Magazine Article | December 16, 2008

Green Evangelism In Manufacturing And Retail

Source: Innovative Retail Technologies

Differentiate your product through socially responsible practices.

Integrated Solutions For Retailers, January 2009

Competing in 2009 is a profound challenge because of fewer customers, smaller pocketbooks, and a poor overall outlook for the U.S. economy. That is a gloomy perspective, but unnecessarily so. Your opportunity in this environment is to differentiate your product and business by ensuring that they meet green standards and to lower the cost of sourcing goods through socially responsible practices.  In a constrained world, lower cost and CSR (corporate social responsibility) could be at odds.  In reality, however, few constraints actually exist.

Consider Your Supplier Base
You may have cultivated your suppliers over time and eliminated those unworthy of your standards. You're left with a preferred list of vendors, and you are confident that you are getting the most from each.  This is precisely the time to share your desire for lower costs and simultaneous improvement in CSR initiatives.  Suppliers can alter their approach to product development, manufacturing, and production operations to improve performance. Materials can be selected so that they are renewable, sustainable, and recyclable. They can be sourced more closely to the point of manufacture so that the carbon footprint of raw material delivery is reduced. Production can be timed to ensure full utilization of equipment and personnel so that there is less waste of both, and you can reap the benefits.

Scrutinize Packaging To Diminish Shipments
By synchronizing buys and subsequent production and consolidating items prior to shipment so that full containers move instead of partially filled ones, the energy expended per item delivered is lower. Ultimately, employing the concept of  'near-sourcing' lets you economically source from nearby factories (e.g. Massachusetts, Canada, Mexico, Honduras, etc.) instead of geographically remote locations (e.g. China, Vietnam, India). The proximity of near sources means that less greenhouse gasses are emitted as goods are delivered. Given the high cost of oil, it also means that the cost to deliver these items is commensurately lowered as well. Duties and free trade agreements color these decisions, but are decidedly 'pro-near-sourcing' today.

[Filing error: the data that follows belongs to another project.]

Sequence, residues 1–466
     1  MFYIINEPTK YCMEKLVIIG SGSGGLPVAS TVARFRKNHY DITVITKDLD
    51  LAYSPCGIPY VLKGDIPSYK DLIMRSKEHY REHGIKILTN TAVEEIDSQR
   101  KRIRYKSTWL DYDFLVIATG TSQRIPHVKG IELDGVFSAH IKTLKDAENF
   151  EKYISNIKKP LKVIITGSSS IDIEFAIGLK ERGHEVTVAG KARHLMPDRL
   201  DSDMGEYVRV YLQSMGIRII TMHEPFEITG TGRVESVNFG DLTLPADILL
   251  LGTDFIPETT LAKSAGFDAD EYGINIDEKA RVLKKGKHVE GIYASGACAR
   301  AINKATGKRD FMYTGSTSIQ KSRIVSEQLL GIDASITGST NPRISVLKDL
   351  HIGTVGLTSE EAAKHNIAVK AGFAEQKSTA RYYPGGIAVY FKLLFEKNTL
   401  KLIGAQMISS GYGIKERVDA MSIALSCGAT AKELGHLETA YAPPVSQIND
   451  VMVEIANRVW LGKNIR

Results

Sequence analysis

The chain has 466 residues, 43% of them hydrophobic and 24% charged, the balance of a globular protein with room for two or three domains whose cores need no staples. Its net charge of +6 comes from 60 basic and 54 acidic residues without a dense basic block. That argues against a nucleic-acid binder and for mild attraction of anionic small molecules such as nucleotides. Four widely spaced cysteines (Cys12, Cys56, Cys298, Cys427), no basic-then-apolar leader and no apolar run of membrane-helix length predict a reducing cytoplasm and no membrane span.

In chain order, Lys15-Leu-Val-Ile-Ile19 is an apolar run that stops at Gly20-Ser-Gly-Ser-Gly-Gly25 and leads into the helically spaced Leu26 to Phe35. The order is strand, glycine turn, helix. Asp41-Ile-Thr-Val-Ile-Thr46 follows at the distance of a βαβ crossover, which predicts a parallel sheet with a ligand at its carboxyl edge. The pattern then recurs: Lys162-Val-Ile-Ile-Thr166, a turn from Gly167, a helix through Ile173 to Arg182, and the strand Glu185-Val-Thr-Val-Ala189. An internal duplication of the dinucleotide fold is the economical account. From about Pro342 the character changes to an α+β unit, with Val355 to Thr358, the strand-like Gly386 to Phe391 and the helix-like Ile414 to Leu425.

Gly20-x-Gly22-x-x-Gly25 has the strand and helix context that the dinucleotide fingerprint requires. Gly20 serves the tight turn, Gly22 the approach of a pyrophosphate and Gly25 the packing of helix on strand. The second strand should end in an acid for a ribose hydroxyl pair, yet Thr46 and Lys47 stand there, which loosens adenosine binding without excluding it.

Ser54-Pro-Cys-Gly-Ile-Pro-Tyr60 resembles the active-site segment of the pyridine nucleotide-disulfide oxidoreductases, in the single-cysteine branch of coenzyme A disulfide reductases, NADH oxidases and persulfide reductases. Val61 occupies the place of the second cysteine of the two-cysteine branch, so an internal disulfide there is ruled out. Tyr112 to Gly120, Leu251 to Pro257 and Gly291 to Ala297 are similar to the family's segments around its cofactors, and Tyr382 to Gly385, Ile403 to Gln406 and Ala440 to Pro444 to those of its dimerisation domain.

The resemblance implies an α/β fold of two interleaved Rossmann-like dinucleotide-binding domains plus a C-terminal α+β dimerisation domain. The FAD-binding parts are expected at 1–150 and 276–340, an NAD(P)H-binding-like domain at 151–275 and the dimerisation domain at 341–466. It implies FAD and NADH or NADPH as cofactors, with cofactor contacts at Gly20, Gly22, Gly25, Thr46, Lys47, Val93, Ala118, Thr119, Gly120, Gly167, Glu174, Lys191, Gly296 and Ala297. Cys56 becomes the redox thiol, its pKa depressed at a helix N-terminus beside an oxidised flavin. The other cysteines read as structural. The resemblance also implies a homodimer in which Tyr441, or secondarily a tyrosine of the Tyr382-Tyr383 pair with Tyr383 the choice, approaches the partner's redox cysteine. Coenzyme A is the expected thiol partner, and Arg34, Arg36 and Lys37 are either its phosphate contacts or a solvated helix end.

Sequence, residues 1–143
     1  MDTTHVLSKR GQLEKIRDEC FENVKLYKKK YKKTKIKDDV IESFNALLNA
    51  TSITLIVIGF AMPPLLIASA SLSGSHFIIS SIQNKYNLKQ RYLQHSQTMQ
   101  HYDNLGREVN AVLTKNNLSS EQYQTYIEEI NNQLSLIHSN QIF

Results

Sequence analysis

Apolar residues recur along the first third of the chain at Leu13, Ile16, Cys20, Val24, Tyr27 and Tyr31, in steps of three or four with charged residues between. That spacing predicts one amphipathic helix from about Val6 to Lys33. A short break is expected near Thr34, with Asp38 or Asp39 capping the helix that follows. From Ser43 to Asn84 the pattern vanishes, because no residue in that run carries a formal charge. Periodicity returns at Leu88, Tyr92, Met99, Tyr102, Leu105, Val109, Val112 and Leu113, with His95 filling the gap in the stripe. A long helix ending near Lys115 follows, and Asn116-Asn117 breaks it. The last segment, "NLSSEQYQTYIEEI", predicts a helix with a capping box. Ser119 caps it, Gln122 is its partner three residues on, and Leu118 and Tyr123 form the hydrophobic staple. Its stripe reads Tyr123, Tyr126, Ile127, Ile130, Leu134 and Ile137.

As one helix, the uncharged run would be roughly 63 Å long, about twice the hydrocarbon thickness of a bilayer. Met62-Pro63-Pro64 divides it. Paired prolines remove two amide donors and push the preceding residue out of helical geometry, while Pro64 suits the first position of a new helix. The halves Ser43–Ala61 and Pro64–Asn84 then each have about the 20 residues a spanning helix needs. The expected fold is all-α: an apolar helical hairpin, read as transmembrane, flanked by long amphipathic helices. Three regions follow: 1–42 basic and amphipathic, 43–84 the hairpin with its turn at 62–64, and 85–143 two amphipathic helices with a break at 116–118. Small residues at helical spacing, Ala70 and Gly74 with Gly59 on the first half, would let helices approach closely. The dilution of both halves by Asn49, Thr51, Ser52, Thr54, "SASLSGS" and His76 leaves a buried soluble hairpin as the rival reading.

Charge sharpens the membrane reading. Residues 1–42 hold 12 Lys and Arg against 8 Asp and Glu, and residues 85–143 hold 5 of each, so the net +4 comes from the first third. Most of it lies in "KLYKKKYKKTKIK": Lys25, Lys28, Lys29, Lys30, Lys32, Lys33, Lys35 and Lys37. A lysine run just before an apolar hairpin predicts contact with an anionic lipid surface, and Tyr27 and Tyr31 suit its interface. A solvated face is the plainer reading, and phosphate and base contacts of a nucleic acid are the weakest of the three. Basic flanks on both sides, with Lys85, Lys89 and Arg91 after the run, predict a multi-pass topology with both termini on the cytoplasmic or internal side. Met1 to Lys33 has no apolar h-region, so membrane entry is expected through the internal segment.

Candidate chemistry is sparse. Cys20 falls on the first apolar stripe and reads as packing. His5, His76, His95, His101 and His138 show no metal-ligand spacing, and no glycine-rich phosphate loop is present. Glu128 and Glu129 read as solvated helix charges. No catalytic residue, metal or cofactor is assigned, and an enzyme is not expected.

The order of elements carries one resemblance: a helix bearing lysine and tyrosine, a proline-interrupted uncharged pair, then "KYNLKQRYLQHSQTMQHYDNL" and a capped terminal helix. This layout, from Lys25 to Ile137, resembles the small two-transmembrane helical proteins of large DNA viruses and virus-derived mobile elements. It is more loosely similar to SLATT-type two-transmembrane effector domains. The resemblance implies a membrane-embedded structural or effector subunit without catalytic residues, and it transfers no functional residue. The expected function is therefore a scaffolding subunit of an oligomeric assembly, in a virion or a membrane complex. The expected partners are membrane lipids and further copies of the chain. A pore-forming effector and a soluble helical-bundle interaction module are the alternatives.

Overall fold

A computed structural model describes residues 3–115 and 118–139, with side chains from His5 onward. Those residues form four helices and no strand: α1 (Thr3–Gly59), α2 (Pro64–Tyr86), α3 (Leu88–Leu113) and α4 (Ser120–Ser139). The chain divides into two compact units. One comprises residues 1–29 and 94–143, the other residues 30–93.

The simple act of overtly expressing your corporate desire to simultaneously improve sourcing costs, environmental sensitivity, and corporate social responsibility is the catalyst for success. Many processes and procedures employed by manufacturers and retailers have not been reexamined in years, if not decades. There are redundant steps, absurd paper trails, and a host of wasteful practices that basic review can expose to your enduring advantage. A recent discussion with one of our customers revealed that a single supplier interaction produced approximately 125 pages of paper daily, implying an annual paper load of 46,000 pages. With hundreds of suppliers, this could drive unreasonable consumption of paper, ink, and labor (not to mention hundreds of thousands of dollars) to fulfill what can be accomplished electronically today.

Individual and corporate behavior is greatly influenced by the signals sent by leaders.  It is time to move beyond signals and explicitly demand that CSR, environmental sensitivity, and lower cost coexist in today's supply chains, providing companies with a competitive advantage ignored by laggards and competitors. We all benefit — suppliers, manufacturers, retailers, and consumers — from the fruits of such green initiatives. Amen.